In this article, we will find something out about Null object pattern. It is a behavior pattern, and it makes our program smoothly, do not use overchecking null for objects.

Let’s get started.

Table of contents

Given problem

Normally, before calling method of an object, we usually check null for this object or we can return null if we have weird state in our methods.

Then the amount of if statement for null check get high, the code may become ugly, hard to read and error-prone.


In order to reduce the number of null checks, we can use Null object pattern. Instead of checking null for our objects, we will consider null reference as an normal object.

So, we do not check null for each object before calling methods. Then, we can call them directly. Because of the method’s null object will do nothing.

To null object pattern, we should implement null objects as Singleton, because we do not need to create multiple null objects.

When to use

  • When we do not want to check null references multiple times.
  • When we want to provide default behavior for null object.

Benefits and Drawbacks

  1. Benefits
    • We do not have to check null for every object. So, the number of if statement get low. Our code becomes clean, easy to read. We will easily follow our flow code.

    • Reduce NullPointerException chances.

    • The Null Object pattern replaces nulls with objects implement

      • A default behavior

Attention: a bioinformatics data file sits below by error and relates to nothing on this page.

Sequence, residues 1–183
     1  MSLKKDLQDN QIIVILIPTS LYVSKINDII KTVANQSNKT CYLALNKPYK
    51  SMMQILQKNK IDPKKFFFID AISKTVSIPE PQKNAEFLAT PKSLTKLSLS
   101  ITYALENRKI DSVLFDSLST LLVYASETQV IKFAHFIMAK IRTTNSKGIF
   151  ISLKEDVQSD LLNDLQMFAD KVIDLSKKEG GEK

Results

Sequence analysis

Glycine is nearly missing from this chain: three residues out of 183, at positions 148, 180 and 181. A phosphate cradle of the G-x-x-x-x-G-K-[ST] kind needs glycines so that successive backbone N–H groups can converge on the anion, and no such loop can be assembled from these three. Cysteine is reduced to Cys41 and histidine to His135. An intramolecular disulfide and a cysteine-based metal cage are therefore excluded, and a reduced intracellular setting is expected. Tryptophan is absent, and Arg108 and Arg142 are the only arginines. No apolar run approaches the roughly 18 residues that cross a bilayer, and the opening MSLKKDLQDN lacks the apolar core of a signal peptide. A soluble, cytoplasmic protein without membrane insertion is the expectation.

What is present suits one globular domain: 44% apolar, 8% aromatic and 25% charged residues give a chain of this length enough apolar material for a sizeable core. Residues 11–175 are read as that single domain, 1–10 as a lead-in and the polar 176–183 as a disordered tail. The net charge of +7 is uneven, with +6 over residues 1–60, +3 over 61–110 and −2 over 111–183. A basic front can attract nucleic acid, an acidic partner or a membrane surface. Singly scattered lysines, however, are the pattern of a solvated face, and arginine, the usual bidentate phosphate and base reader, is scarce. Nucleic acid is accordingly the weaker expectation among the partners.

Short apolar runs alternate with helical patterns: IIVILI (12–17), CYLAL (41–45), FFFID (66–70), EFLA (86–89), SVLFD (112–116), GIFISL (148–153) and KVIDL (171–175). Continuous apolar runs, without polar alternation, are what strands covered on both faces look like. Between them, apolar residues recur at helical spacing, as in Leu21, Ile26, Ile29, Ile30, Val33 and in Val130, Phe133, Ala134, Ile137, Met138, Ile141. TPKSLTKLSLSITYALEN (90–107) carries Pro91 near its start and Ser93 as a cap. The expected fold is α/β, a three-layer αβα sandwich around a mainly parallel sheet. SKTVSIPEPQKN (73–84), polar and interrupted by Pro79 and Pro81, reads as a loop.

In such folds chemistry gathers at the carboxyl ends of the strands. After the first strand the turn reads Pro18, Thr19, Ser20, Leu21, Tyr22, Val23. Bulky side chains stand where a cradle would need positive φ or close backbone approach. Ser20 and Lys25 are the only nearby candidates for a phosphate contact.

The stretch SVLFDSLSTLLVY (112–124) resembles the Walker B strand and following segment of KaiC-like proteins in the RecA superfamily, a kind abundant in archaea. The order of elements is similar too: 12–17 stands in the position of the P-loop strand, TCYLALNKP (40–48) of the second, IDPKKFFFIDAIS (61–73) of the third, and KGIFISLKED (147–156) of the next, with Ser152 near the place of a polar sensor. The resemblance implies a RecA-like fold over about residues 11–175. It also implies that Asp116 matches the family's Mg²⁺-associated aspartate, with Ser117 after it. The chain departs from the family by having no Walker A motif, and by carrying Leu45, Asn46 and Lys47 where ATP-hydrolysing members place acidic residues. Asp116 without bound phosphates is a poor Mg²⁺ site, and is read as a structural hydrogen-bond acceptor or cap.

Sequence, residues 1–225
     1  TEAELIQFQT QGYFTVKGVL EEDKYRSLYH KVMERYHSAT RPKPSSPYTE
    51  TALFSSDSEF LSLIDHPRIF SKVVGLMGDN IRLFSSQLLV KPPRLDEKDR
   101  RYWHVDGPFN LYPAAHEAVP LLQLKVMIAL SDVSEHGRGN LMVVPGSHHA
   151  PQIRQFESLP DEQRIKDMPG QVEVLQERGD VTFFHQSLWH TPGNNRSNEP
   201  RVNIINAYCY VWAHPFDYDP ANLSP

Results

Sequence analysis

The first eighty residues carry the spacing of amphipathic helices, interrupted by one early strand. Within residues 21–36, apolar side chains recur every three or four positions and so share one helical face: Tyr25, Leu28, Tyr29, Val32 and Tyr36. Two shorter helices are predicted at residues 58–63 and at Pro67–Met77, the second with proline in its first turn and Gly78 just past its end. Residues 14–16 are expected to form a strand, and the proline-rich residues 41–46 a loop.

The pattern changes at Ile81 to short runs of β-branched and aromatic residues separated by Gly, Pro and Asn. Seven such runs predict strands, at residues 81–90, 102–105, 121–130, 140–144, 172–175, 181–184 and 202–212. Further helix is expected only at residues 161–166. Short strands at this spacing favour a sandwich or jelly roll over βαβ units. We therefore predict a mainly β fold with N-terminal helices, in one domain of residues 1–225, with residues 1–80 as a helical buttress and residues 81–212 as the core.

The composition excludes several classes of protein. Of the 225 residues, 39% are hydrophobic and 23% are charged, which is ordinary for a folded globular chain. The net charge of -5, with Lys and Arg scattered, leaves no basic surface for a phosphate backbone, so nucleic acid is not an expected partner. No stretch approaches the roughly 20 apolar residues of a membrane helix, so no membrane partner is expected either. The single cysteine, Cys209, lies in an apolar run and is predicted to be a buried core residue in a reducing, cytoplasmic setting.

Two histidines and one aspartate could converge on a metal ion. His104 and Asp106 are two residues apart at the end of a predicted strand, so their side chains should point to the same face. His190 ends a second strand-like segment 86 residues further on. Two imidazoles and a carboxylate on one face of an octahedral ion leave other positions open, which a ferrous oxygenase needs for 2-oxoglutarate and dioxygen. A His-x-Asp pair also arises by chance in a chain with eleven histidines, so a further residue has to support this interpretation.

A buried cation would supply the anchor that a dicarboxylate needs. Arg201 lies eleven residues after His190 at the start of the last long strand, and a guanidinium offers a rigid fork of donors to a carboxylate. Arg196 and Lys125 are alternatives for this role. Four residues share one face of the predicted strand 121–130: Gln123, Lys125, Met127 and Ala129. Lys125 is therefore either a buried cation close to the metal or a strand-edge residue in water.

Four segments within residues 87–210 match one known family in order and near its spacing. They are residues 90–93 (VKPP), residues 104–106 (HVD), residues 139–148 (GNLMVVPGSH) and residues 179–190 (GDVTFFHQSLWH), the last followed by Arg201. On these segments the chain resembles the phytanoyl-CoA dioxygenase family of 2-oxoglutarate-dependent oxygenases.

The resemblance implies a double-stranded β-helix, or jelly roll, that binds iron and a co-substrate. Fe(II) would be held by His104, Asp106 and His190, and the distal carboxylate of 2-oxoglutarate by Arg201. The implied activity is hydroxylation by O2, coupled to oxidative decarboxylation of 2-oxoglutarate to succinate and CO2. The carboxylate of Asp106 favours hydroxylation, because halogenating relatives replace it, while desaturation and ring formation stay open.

• A do-nothing behavior

      This allows us to avoid null checks.

  2. Drawbacks
    • Can be difficult to implement if various clients do not agree on how the null object should do nothing as when your AbstractEmployee interface is not well defined.

    • Can necessitate creating a new NullObject class for every new AbstractEmployee class.

    • An incorrect implementation can make bugs harder to detect.

      • Null object can fail slowly.
      • Do not implement it just to avoid null checks.
      • Best suited when a default value can be assigned or a default action can be taken.
    • Creating a proper Null Object may not be easy.

      • Should it do nothing? Or should it fail with an exception?
      • What if we still have to check for the null object?
      • What if the parent class if final? Then we can not create a null object for it. But if we are working with an external library or legacy code, this could happen.

Sampe code with Java/C++/Javascript/Python

In this section, we will consider the problem about abstraction of employee, such as:

About source code of Null Object Pattern, you can reference to this link.

Relations with other design patterns

  • Null object pattern can be regarded as a special case of the State pattern and the Strategy pattern.

  • Null object pattern may be confused with Proxy pattern. But a null object does not work like a proxy. Proxy acts as the objects they are proxying, and they may also provide some behaviors.

Applications and examples

  • Use with collections in Java

    Assuming that we have DAO pattern for User model, it can be like that:

      public interface UserDao {
          Collection<User> getListOfUsers();
          void deleteUser();
          User getUserById(String id);

    In order to apply Null object pattern, we should return Collections.emptyList() in implementation of getListofUsers() method if we do not have User object in database.

  • In Java 8 or above, we can use java.util.Optional package.

      public Optional<User> findUserById() {
          User user = ...
          return Optional.ofNullable(user);
  • Prior to Java 8, we can use from Google Guava.

  • In Eclipse and Intellij, they offer compile time annotations @Nullable, @NonNull which give compiler warnings when accessing potential null objects.

Wrapping up

Thanks for your reading.